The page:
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Worrying signs for Kremlin as Russian troops pelted with stones in Syria


A number of local media outlets and social media accounts in Syria have been posting videos of residents pelting Russian troops with stones.

A number of local media outlets and social media users in Syria have been posting videos of residents pelting Russian troops with stones on Wednesday (November 6).

Videos and pictures show angry residents of Kobane, Syria, throwing large stones at several convoys of Russian vehicles.

In one scene, several dozen civilians managed to stop two Russian armoured vehicles and some of them climbed onto one of the cars with Russian military police insignia, a video released by local news outlet Anha showed.

All this comes while resentment of Russia has been steadily growing in Syria.


A picture shared on social media shows Russian vehicles being pelted with stones by residents of Kobane, Syria, November 6. [File]

The Syrian Network for Human Rights recently slammed Russia for committing "hundreds of war crimes" during its military operations in Syria since 2015.

Russian military operations have resulted in more than 6,500 civilians deaths, the human rights group says in its 40-page report issued September 30, the fourth anniversary of Russia's military intervention in the Syrian conflict.

There is also new evidence that Russian warplanes deliberately bombed hospitals in Syria to undermine the Syrian opposition.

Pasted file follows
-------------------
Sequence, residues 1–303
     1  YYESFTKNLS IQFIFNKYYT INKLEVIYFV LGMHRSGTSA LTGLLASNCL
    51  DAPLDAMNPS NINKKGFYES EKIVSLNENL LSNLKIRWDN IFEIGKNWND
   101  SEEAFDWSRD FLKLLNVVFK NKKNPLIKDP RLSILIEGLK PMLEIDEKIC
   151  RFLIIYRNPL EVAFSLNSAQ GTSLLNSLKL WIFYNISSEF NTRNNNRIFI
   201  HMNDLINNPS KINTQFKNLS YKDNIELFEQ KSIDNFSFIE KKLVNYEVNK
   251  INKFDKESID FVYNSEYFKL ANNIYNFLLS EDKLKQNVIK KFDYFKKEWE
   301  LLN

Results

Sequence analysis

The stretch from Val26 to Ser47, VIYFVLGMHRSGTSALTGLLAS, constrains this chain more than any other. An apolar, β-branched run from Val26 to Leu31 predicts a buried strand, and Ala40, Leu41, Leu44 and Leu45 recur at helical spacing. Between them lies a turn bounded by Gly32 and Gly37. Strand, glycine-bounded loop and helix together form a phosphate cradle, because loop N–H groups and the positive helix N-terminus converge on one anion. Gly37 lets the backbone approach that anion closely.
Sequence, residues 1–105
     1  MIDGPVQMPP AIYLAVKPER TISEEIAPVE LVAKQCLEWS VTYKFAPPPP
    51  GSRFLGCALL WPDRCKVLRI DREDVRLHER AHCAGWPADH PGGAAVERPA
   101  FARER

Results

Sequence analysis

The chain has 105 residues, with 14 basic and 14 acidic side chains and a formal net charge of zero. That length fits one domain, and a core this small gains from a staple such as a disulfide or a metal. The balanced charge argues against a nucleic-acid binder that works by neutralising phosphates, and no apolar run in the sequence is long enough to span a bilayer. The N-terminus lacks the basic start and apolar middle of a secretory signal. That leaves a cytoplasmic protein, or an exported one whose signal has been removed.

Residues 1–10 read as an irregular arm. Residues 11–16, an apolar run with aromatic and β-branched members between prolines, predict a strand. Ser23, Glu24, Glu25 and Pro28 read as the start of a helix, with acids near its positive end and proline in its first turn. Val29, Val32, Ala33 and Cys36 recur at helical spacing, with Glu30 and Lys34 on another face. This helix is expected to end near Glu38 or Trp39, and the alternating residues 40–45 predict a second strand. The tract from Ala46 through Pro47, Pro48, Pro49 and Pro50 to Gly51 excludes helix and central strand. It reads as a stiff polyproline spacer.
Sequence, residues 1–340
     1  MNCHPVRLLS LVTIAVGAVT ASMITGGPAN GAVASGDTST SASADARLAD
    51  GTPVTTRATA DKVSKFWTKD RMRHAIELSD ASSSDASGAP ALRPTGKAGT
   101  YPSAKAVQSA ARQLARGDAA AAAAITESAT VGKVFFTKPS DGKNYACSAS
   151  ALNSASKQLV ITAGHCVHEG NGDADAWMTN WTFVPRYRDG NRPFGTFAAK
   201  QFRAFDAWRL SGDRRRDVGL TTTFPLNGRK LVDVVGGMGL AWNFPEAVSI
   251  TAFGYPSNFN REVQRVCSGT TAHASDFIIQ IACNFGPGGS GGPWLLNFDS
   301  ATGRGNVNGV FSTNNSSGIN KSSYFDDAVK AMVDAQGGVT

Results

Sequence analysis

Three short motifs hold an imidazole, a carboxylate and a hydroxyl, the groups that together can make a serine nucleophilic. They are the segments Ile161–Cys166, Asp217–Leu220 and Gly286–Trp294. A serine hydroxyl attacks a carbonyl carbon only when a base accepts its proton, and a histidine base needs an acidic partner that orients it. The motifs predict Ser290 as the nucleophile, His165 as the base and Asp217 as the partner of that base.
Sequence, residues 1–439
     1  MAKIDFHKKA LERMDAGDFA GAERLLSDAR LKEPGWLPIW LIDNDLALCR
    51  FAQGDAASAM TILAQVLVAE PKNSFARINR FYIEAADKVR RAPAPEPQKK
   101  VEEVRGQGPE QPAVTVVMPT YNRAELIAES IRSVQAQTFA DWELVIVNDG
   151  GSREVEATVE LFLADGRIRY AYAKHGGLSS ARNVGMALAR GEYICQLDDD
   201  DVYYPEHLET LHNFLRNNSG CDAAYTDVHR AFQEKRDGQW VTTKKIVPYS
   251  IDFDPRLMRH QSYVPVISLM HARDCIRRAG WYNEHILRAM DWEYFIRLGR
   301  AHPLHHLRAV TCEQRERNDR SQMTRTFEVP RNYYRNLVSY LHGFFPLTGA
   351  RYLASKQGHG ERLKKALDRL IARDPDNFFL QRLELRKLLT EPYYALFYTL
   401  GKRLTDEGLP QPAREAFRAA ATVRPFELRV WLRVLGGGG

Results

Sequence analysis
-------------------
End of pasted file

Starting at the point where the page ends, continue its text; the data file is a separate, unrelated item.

Just on November 2, a Russian air strike killed six civilians including a child in the embattled opposition bastion of Idlib in northwestern Syria.

Russian occupation of Syria

On a recent Russian Defence Ministry tour of Syria, journalists from AFP and other media saw Moscow's forces digging in for a long stay.

About 3,000 Russian service personnel are now deployed in Syria, at facilities like Tartus and the Khmeimim air base.

The United States on September 26 announced new sanctions targeting a Russian smuggling operation in Syria after confirmation of another chemical weapons attack by Syrian President Bashar al-Assad's forces.

The al-Assad regime used chlorine on May 19 in Latakia Province during its offensive to take back the last major rebel stronghold in nearby Idlib, US Secretary of State Mike Pompeo said.

That was one of the many confirmed uses of chemical weapons by the Moscow-backed regime, including one last year that killed 80 people in Douma.

To protect its Syrian ally, Moscow has also continued to veto United Nations (UN) resolutions on the conflict.

Russia and China on September 19 vetoed a UN Security Council resolution backed by 12 of the 15 member states. It called for a ceasefire in Idlib Province.

Germany, Belgium and Kuwait had led the push for the resolution, noting that half a million Syrians have been displaced in Idlib since government forces opened an offensive in May.

They warned that the conflict could become the century's worst humanitarian crisis if the fighting persisted and urged Russia not to veto what they said was a "purely humanitarian" measure.

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There are reasons for this Syrian hatred towards Russians after the bombings of hospitals, schools, and street markets by the Russian Aerospace Forces. It's a pity they didn't have "Molotov cocktails."